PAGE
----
|Saint Thomas Becket of Canterbury|
|Martyr and Archbishop|
|Born||December 21,1118, London|
|Died||December 29,1170, Canterbury|
|Attributes||Sword, Being murdered|
|Patron saint'||Exeter College Oxford; Portsmouth England; secular clergy|
St. Thomas Becket (December 21, 1118 – December 29, 1170) Lord Chancellor from 1154 to 1162 and Archbishop of Canterbury from 1162 to 1170. He is venerated as a saint and martyr by both the Roman Catholic Church and the Anglican Church. He engaged in conflict with King Henry II over the rights and privileges of the Church and was assassinated by followers of the king in Canterbury Cathedral. He is also commonly known as Thomas à Becket, although some consider this incorrect.
Becket was an eager participant in the power struggle between church and state. As Lord Chancellor he defended the interests of the king but when he became Archbishop of Canterbury he defended the interests of the church. His unwillingness to compromise and see the merits of the other side led to his downfall. He resisted the attempt of the King to ensure that criminous clergy were tried and punished in the lay courts. The king and people had a legitimate interest in seeing that priests who committed serious crimes, such as murder, should be liable to punishment by the lay authorities just like any other of the king's subjects. Although there was an outcry over his murder, the principle upon which he made a stand was eventually overturned during the Reformation.
As a self-made man, Becket was always jealous of the marks of privilege and status of his office; which translated whilst chancellor into sumptuous ostentation, and transmuted when archbishop into the vestments and horsehair shirt of a religious ascetic. He was proud and uncompromising and enjoyed the drama of being at the center of attention. He could have avoided being killed but seems to have deliberately chosen martyrdom.
Thomas Becket was born in c.1118 in Cheapside, London, to Gilbert Beket of Thierville and Matilda (with a familiar name of Roheise or Rosea) of Mondeville near Caen. His parents, of the Rouen upper-middle class, were buried in Old St. Paul's Cathedral.
One of Thomas' father's rich friends, Richer de L'aigle, was attracted to the sisters of Thomas. He often invited Thomas to his estates in Sussex. There, Thomas learned to ride a horse, hunt, behave, and engage in popular sports such as jousting. When he was ten years of age, Becket received an excellent education in "Civil & Canon Law" at Merton Priory in England and then overseas at Paris, Bologna, and Auxerre. Richer was later a signer at the Constitution of Clarendon against Thomas.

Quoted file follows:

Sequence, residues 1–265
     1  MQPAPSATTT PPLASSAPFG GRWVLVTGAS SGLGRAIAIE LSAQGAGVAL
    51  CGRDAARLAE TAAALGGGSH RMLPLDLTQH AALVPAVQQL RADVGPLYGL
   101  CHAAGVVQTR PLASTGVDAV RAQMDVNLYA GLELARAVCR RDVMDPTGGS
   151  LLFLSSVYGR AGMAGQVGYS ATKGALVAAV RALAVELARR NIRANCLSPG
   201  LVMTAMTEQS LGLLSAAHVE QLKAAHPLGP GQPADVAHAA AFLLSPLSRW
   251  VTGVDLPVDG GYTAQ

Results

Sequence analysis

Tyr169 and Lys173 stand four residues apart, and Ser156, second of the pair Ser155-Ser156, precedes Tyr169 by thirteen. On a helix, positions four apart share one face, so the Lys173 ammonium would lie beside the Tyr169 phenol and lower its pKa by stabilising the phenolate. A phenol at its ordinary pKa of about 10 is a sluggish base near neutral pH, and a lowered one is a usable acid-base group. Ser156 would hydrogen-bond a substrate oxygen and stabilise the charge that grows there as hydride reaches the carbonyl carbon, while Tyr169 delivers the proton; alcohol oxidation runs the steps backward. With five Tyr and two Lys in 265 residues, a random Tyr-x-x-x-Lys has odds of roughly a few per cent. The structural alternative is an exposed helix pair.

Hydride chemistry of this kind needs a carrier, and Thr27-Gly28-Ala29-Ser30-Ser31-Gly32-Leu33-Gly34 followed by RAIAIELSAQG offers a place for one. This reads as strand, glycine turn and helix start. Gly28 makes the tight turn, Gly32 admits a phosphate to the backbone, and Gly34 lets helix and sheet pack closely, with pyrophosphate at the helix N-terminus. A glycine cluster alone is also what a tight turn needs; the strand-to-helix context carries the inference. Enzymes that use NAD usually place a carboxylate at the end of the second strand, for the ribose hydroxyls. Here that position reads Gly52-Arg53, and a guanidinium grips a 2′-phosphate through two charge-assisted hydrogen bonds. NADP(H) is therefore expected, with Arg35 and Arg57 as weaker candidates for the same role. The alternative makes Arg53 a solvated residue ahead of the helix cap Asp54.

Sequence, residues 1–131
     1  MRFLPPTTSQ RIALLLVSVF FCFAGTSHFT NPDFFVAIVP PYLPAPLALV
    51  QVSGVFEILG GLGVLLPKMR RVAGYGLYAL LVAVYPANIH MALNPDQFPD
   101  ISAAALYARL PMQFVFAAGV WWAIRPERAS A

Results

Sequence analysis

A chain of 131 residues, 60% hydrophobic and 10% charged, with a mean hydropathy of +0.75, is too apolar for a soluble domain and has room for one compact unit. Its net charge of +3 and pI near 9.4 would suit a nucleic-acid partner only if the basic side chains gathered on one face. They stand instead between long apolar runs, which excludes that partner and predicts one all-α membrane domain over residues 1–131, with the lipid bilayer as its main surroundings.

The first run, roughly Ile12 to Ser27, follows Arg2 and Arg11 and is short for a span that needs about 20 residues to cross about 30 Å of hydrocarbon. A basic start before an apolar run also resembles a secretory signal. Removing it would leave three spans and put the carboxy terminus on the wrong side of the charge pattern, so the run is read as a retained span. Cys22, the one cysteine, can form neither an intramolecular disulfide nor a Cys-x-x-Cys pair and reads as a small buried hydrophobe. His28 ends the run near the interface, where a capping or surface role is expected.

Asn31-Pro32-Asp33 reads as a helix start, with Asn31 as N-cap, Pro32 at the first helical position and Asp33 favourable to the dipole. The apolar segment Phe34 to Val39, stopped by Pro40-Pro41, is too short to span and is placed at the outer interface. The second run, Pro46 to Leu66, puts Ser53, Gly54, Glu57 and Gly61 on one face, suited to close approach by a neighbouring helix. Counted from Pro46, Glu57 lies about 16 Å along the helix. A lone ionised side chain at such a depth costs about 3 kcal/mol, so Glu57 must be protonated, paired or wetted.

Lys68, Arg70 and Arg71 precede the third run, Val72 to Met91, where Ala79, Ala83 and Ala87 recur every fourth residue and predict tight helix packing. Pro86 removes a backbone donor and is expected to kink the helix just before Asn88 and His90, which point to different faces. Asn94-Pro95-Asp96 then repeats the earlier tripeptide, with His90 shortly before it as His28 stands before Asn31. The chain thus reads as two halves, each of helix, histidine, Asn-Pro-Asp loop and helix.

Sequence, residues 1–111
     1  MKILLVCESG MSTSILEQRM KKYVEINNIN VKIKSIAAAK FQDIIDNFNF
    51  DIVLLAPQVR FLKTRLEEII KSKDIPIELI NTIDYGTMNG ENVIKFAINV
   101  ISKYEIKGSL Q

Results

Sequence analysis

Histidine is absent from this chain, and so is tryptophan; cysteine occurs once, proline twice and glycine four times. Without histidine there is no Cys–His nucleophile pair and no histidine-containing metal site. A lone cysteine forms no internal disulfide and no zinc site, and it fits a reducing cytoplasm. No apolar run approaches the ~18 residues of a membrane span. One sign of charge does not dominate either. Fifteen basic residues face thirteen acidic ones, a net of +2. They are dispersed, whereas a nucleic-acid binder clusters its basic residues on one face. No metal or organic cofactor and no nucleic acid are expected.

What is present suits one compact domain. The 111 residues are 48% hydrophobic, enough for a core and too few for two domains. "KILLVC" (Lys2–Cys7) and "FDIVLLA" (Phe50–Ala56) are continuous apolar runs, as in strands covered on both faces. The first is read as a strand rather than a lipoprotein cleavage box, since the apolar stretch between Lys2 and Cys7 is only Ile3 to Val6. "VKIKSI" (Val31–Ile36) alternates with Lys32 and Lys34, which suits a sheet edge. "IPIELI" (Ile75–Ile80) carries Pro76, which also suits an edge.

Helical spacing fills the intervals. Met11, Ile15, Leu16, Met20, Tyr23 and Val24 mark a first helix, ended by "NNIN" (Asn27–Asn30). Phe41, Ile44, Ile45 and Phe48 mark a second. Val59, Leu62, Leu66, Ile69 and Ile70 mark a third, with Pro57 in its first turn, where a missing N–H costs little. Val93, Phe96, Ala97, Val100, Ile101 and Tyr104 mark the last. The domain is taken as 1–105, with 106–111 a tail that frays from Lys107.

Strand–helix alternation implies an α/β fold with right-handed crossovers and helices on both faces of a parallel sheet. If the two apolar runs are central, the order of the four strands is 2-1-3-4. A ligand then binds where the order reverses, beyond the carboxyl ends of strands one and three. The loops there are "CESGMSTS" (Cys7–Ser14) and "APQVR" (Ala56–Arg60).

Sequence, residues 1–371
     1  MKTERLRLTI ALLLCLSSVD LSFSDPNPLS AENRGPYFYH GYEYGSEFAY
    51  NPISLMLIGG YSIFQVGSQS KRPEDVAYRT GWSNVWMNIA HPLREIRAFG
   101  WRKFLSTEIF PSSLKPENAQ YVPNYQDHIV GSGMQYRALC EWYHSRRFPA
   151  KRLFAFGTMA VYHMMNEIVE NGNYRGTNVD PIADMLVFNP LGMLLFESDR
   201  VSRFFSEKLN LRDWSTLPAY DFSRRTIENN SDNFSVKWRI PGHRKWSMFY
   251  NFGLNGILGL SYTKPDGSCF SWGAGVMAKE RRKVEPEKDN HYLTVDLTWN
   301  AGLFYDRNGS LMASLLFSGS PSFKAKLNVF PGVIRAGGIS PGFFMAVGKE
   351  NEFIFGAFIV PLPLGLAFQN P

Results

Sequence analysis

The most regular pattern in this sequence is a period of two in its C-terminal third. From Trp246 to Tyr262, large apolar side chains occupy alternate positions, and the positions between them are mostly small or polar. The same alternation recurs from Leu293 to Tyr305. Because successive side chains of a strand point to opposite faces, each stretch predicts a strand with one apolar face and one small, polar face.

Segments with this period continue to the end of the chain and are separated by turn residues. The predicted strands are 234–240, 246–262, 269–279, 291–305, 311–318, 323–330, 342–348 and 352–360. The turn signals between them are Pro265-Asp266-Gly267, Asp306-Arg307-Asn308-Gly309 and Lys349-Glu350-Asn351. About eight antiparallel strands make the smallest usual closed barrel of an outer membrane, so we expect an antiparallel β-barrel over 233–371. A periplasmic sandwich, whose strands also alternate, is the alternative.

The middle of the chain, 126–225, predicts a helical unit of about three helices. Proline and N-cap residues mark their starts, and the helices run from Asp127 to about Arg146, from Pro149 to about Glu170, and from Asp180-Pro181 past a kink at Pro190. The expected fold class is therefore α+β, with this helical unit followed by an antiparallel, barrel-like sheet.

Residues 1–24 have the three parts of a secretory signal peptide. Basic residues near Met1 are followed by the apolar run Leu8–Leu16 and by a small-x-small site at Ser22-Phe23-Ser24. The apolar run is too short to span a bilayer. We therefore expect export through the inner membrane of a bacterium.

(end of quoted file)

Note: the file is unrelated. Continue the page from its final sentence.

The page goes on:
Upon returning to the Kingdom of England, he attracted the notice of Theobald of Bec, Archbishop of Canterbury, who entrusted him with several important missions to Rome and finally made him archdeacon of Canterbury and provost of Beverley. He so distinguished himself by his zeal and efficiency that Theobald commended him to King Henry II when the important office of Lord Chancellor was vacant.
Henry, like all the Norman kings, desired to be absolute ruler of his dominions, both Church and State, and could find precedents in the traditions of the throne when he planned to do away with the special privileges of the English clergy, which he regarded as fetters on his authority. As Chancellor, Becket enforced the king’s danegeld taxes, a traditional medieval land tax that was exacted from all landowners, including churches and bishoprics. This created both a hardship and a resentment of Becket among the English Churchmen. To further implicate Becket as a secular man, he became an accomplished and extravagant courtier and a cheerful companion to the king's pleasures. He was so devoted to his master's interests with such a firm and yet diplomatic thoroughness that scarcely anyone, except perhaps John of Salisbury, doubted his allegiance to English royalty.
King Henry even sent his son Henry, later the "Young King," to live in Becket's household, it being the custom then for noble children to be fostered out to other noble houses. Later, that would be one of the reasons his son would turn against him, having formed an emotional attachment to Becket as a foster-father. Henry the Young King was reported to have said Becket showed him more fatherly love in a day than his father did his entire life.
When Archbishop Theobald died April 18, 1161, Henry conceived what must have seemed a neat solution to the problem of the imposing of his will upon the church: installing his friend Becket who, in his eight years as lord chancellor, had consistently taken a firm line with the church. So much to the indignation of the church Henry arranged for Becket's appointment as the new archbishop. He was elected in May, and consecrated on June 3, 1162, in accordance with the king's wishes.
At once, there took place, before the eyes of the astonished king and country, an unexpected transformation in the character of the new archbishop. Having previously been a merry, pleasure-loving courtier, Becket became an ascetic prelate in simple monastic garb, fully devoted to the cause of the hierarchy and prepared to do his utmost to defend it. Most historians agree that Becket begged the king not to appoint him archbishop, knowing that this would occur, and even warning the king that he could not be loyal to two masters. Henry could not believe that his closest friend would forsake their friendship and appointed him to the archbishopric anyway—something he came to regret for the rest of his life.
In the schism which at that time divided the Church, Becket sided with Pope Alexander III, a man whose devotion to the same strict hierarchical principles appealed to him, and from Alexander, he received the pallium at the Council of Tours.
On his return to England, Becket proceeded at once to put into execution the project he had formed for the liberation of the Church in England from the very limitations which he had formerly helped to enforce. His aim was twofold: the complete exemption of the Church from all civil jurisdiction, with undivided control of the clergy, freedom of appeal, etc., and the acquisition and security of an independent fund of church property.